This is a thematic sermon based loosely around the texts of Ephesians 1:15-23 and Matthew 25:31-46.
The Gospel text deals with the 'separation of the sheep and the goats'. A number of commentaries suggested that this parable is not about the judgement of Christian believers or about the judgement of Jewish people, but about the judgement of 'the people' - those outside both the Jewish and Christian faith (or, as some suggest, those who have never heard the Gospel message). In any event, this parable should give us some pause about thinking that we can ourselves judge who will be separated out of God's Kingdom.
This is a rather gentle sermon. Some will think it's not hard-hitting enough given the Gospel reading. This particular congregation has been through a lot of loss recently, hence the approach that I've taken here. Ultimately, the Kingship of Christ and the reign of the fullness of the Kingdom of God will be Good News.
Seize the Day
Carpe Diem. The English translation of this Latin phrase is 'Seize the Day'. And my bet is that most people who know the meaning of this phrase probably know it not because they learnt Latin in school but rather because they are familiar with the film Dead Poets' Society starring Robin Williams.
For those of you who are not familiar with the film, Williams plays one of the central characters: a maverick English teacher named Mr. Keating, teaching in an elite US boys' boarding school in the 1950s. One of Mr. Keating's great personal passions is poetry. But I think that it would be fair to also say that his absolute central personal passion is this phrase 'Carpe Diem' - 'seize the day'.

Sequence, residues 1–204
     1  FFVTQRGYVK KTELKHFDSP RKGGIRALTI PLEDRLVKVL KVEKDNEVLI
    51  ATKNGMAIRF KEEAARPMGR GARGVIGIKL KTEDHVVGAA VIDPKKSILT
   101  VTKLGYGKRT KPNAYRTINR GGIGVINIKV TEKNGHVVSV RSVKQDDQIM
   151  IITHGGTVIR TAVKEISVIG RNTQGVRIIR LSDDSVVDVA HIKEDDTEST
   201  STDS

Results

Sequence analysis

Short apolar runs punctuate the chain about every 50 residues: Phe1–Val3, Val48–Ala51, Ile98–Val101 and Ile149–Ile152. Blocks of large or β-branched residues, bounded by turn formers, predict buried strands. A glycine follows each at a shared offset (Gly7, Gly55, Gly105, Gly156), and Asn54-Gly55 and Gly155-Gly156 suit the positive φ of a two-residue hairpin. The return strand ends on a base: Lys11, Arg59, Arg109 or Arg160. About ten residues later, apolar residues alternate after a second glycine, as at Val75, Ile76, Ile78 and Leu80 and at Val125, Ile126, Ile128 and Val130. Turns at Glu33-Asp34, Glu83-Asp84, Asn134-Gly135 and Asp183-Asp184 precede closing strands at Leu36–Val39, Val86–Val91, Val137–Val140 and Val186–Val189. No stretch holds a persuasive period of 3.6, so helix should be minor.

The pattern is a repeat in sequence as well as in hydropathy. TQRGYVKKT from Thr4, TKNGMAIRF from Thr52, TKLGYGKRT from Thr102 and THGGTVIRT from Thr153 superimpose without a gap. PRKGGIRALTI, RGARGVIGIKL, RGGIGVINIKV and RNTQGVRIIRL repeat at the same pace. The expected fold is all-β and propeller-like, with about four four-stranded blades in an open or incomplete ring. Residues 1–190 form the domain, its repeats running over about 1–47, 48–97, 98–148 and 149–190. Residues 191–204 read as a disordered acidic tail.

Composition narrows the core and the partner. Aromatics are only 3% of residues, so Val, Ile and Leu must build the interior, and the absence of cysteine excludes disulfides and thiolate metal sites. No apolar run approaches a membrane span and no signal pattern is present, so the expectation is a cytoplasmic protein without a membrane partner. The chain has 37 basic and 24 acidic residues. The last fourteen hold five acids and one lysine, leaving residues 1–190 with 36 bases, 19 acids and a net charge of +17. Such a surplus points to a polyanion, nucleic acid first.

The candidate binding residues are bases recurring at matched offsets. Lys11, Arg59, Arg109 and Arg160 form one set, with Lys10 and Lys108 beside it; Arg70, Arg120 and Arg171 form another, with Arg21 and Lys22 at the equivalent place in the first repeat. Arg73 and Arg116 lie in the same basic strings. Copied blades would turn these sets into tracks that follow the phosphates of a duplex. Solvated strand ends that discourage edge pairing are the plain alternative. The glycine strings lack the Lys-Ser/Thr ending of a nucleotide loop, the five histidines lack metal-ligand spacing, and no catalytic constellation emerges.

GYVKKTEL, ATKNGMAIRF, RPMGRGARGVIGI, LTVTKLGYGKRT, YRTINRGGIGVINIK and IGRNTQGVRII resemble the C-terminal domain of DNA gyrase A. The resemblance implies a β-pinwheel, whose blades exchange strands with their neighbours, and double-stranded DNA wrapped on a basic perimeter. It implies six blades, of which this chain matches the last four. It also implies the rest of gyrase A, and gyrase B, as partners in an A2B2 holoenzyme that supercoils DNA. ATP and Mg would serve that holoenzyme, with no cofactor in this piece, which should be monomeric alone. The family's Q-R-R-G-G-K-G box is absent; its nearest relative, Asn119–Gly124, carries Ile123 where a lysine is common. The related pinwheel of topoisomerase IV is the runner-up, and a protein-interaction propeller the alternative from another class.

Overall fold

The film portrays Mr. Keating as a man whose central mission is to help each one of the boys to think for himself and to discover his own unique talents and abilities. And so the scene is set in the film for the inevitable tragedy that is to follow when these boys start thinking for themselves rather than following the paths that their parents have laid out for them and which they expect the boys to follow unquestioningly.
Because once you learn what your passion is, you can never unlearn it.
Paul's Gospel / My Gospel
The Apostle Paul certainly knew what his passion was: the grace and love of God as disclosed in the life and death of Jesus Christ. Once a Jewish Pharisee passionate about God's unswerving love for the Jewish people, Paul's dramatic conversion to Jesus Christ transformed him in a person who became passionate in his conviction that God's unswerving love is for all people regardless of race, gender, or social status.
We might find it difficult to understand Paul's obsession with the Gospel, but imagine growing up being taught that you have the most fantastic treasure on earth because of the circumstances of your birth only to be told later by God himself that, actually, every single person on earth has access to the same great treasure.
Perhaps if we think of the Gospel message - God's Good News - as a treasure we can get some sense of Paul's enthusiasm and why he felt that he literally had to go to the ends of the known earth to tell everyone.
Because once you learn the Good News, you can never unlearn it.
Now, not everyone is as privileged as Paul was to have such a dramatic personal insight into the Gospel.
But I'd like to float the idea this morning that many of us will have our own ideas about what God's good news is - about what the Gospel message is. Or probably more accurately, we will all have our own different insights into the One Gospel.